Zaphod wrote:Just read an interesting interview with Gary Taylor in AMCN.Unfortunately I won't be able to scan it for all to read till I get home on Sat. If someone else can before that, it'd be great.
It's written by Michael Scott, so take it as you will, but.......some of the interesting bits revolve around the effort that his team put into developing (by outsourcing said ideas) stuff that Suzuki took back to Japan and cut up, because they didn't think of it themselves.
1983, carbon composite frame, Taylor saw one of the units run through a bandsaw.
1990, in conjuction with Pro-Drive developed Electronic active suspension. Thrown out by the factory.
1990's, Flow bench.Taylor told to tell the Czech manufacturer "that it was no longer needed"
1992, Shenton shocked when arriving at Suzuki that they didn't have a transitional Dynamometer. Ordered..then put on the back-burner for another 13 years.
late 90's Schwantz tested a fuel injected system developed outside Suzuki Racing dept.........canned.
Perhaps one of the biggest issues surrounded sponsorship....here is what Taylor says of the Telefonica days.
"For a long time we had some really good sponsors, Pepsi, Lucky strike and then Telefonica. It meant that they had senior representitives at races, and they were pretty astute.They could see if things weren't right technically, not least because the riders would delight in telling them."
This put unbearable pressure on the Japanese race track staff.
"In the end we fell out in a fairly major way with Telefonica, because they got frustrated (to use a polite word)in terms of the promises of improvements that never materialised"
Chiefly, the promise came in the form of a letterfrom the board to Telefonica and to the rider Roberts promising that 2003 would bring "the fastest bike on the grid"
"It never even nearly happened. Kenny kept the letter pinned to his fridge, as a joke. From that point on, I think the factory actually breathed a sigh of relief."
There is much more to the article than what I have put here, and I didn't see it as Taylor ragging on Suzuki for his own gain. He says that they are a great company with some fantastic motorcycles.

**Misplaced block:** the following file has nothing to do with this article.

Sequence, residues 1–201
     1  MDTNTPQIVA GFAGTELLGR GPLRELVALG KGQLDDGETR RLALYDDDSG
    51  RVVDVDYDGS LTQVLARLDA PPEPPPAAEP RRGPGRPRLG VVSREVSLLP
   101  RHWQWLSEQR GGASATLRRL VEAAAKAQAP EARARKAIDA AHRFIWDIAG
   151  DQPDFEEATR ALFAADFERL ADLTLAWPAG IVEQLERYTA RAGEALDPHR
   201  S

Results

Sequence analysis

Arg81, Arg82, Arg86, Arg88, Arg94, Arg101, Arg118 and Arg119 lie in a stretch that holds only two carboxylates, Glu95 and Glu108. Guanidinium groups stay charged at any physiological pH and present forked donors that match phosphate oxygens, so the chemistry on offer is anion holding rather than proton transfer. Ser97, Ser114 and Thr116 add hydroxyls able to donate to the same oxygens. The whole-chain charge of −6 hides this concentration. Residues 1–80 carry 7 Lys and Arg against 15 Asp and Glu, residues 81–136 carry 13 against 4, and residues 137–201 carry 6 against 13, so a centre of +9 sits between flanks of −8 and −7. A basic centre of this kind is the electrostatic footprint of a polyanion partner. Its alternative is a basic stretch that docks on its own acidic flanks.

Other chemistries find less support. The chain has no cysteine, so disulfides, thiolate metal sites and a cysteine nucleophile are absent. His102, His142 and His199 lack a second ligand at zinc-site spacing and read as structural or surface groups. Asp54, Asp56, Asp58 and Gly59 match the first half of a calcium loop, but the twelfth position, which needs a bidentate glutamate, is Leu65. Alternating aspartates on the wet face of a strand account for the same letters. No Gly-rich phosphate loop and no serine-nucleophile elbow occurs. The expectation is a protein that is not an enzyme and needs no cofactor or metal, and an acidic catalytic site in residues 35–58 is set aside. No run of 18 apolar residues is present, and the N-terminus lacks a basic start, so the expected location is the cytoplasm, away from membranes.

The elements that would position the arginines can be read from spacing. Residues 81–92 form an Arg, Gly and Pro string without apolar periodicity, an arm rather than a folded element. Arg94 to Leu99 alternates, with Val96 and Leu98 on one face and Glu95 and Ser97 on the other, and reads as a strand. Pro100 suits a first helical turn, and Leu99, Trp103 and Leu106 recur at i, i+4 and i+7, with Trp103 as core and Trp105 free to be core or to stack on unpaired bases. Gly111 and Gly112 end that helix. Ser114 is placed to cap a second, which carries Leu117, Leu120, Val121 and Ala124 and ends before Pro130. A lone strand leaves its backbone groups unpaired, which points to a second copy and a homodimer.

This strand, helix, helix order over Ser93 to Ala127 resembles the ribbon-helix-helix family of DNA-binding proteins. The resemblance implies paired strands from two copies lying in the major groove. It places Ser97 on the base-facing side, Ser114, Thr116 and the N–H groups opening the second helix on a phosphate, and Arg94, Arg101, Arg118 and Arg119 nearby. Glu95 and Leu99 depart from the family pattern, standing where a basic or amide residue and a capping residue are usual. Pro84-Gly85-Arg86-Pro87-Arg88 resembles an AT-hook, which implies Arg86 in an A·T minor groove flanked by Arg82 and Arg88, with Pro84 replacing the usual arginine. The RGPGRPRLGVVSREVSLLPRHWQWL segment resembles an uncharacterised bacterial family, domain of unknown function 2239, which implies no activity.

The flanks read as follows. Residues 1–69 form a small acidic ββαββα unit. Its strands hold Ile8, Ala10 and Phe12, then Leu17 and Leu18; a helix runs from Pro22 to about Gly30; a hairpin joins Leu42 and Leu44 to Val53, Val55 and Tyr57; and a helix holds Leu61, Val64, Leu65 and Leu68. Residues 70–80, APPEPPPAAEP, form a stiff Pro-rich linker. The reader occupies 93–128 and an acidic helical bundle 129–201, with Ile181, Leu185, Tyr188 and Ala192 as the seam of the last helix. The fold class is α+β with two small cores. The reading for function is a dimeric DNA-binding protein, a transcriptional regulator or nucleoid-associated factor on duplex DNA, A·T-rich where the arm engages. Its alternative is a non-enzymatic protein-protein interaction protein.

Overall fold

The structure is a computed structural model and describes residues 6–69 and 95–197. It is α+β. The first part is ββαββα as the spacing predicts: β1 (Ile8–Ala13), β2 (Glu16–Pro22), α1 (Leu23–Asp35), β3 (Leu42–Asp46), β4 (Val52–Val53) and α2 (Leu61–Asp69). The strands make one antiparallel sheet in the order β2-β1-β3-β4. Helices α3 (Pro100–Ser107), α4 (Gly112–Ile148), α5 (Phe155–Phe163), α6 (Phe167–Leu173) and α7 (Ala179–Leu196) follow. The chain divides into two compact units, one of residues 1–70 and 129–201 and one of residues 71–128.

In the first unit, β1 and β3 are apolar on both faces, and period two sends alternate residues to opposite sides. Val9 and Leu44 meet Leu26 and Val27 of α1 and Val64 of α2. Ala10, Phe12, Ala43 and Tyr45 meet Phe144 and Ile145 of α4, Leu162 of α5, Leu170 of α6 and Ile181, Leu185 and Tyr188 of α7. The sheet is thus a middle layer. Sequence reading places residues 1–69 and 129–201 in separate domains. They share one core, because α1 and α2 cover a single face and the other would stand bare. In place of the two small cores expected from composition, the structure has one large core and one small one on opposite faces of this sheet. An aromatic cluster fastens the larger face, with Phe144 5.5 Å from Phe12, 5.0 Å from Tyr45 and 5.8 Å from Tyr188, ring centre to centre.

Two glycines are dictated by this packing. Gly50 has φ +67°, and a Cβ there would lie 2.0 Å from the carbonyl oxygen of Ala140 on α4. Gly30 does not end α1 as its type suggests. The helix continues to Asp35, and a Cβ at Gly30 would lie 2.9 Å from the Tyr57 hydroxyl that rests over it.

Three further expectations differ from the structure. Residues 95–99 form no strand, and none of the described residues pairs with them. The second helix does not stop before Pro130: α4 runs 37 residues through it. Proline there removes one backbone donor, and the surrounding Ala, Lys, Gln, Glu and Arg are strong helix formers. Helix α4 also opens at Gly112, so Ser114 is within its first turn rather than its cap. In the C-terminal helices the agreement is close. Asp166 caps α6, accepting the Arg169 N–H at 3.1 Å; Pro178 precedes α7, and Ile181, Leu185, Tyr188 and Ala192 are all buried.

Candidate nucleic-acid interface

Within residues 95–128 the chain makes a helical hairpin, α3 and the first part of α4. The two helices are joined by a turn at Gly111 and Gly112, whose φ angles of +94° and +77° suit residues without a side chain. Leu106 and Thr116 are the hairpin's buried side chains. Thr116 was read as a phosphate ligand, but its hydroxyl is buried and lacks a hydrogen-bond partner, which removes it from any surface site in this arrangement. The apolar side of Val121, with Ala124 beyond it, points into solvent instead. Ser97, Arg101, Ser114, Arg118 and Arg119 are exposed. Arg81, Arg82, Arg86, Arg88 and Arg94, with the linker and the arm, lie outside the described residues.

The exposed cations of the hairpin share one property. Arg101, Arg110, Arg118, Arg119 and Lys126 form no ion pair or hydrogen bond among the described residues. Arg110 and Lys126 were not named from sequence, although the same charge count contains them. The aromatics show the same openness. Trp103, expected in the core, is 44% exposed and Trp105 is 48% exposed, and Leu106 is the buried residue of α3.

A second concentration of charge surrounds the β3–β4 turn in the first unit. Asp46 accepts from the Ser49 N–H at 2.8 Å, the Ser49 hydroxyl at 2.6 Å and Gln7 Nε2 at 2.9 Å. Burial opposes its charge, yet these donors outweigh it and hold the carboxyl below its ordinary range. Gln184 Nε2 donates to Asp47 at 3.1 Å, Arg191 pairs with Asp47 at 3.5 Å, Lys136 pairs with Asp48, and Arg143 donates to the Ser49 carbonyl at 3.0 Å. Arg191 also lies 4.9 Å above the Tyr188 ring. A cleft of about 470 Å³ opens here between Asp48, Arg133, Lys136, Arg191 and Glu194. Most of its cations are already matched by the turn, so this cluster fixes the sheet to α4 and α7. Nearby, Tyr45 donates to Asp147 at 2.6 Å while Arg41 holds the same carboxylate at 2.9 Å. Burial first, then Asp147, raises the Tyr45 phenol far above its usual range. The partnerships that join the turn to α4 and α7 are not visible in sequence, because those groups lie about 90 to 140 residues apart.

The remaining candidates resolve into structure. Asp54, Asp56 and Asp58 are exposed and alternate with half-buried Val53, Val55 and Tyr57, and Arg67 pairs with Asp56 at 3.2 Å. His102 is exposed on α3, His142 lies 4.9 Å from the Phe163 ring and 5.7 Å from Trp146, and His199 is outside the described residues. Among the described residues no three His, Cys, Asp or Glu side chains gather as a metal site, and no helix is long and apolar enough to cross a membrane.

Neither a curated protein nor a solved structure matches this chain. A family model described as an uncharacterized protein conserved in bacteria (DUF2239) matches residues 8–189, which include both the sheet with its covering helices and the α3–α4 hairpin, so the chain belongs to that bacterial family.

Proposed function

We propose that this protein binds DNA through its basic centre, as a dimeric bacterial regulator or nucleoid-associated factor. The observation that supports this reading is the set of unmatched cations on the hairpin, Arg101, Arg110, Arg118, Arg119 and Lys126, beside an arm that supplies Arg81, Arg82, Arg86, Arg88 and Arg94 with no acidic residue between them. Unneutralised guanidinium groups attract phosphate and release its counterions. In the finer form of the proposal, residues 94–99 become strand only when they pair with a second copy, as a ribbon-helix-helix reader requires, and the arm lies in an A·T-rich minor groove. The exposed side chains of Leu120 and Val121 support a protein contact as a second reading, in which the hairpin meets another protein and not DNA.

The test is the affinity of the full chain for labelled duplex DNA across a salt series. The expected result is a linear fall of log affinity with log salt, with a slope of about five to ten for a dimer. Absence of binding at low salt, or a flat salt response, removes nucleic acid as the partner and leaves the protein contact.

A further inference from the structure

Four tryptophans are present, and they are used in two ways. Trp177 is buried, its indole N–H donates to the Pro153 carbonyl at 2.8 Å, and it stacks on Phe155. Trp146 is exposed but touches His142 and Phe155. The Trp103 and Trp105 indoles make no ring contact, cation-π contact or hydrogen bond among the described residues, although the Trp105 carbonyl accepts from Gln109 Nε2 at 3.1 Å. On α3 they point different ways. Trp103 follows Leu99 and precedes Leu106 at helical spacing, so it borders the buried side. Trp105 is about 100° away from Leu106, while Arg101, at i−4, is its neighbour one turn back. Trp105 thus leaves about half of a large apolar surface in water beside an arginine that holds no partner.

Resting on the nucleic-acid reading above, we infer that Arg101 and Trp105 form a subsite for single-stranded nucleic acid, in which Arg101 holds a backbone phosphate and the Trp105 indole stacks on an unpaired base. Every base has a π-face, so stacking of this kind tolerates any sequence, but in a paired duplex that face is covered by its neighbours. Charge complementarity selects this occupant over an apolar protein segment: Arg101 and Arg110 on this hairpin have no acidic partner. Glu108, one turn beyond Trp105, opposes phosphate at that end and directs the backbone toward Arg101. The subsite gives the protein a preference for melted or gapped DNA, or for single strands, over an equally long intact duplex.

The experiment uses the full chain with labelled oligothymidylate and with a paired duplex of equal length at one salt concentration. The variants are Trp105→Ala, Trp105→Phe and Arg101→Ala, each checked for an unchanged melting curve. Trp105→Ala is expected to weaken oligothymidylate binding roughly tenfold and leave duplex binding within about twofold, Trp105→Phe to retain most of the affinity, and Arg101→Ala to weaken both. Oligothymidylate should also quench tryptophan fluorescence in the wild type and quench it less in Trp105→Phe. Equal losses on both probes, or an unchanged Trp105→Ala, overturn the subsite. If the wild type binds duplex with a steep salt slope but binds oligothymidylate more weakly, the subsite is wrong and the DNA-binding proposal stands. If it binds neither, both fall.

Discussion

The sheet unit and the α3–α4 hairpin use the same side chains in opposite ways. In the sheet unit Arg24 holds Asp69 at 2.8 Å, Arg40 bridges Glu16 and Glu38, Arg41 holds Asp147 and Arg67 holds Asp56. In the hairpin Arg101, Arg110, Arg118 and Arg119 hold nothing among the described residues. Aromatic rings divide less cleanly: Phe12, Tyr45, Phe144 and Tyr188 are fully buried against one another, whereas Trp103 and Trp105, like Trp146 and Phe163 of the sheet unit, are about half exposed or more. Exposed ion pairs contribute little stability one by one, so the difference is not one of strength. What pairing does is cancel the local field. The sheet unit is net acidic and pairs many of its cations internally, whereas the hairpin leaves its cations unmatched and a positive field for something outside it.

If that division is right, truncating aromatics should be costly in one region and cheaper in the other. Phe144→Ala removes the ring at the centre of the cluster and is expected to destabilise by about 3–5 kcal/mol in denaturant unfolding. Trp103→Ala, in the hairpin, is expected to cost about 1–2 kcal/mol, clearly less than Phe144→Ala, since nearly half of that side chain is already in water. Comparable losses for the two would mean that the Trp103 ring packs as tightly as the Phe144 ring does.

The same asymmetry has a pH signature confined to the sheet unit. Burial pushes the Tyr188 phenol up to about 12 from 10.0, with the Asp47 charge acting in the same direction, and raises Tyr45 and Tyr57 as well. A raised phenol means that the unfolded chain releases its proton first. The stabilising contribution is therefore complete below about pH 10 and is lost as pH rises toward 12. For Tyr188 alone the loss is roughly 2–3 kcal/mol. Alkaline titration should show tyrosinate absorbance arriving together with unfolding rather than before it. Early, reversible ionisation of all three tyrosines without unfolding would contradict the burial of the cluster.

Given their attitude, I'm surprised they won anything. More credit to that team, Roberts, Beattie and Schwantz than anything Suzuki did.
I'm a Suzuki fan, but the level of commitment to win is shocking. All the development for the above mentioned items was paid for by the team, not Suzuki.
Taylor even had to pay Kanemoto out of his own pocket until Suzuki stopped quibbling about Kanemoto's contract.
Makes Ducati look outstanding by comparison !
Nothing new or surprising here. Every team will have similar 'not invented here' stories. In deed every work place, industry and nation will have 'not invented here' stories and 'how stupid management is' stories. The publishing industry's life blood is publishing 'what ifs'
. For the very simple reason the Teams and mechanics have a very narrow view of the realities the company might face. Management generally has a better view and a different mission and aims. Management has to take into consideration, profit, marketability, finances etc etc etc, now and into the projected future.
Of course they will get it wrong and of course there will be missed opportunities. The management has got to be judged 'in the balance'. Considering that Suzuki has been bailed out by VW is the past 10 years it might be a better indicator of missed opportunity etc.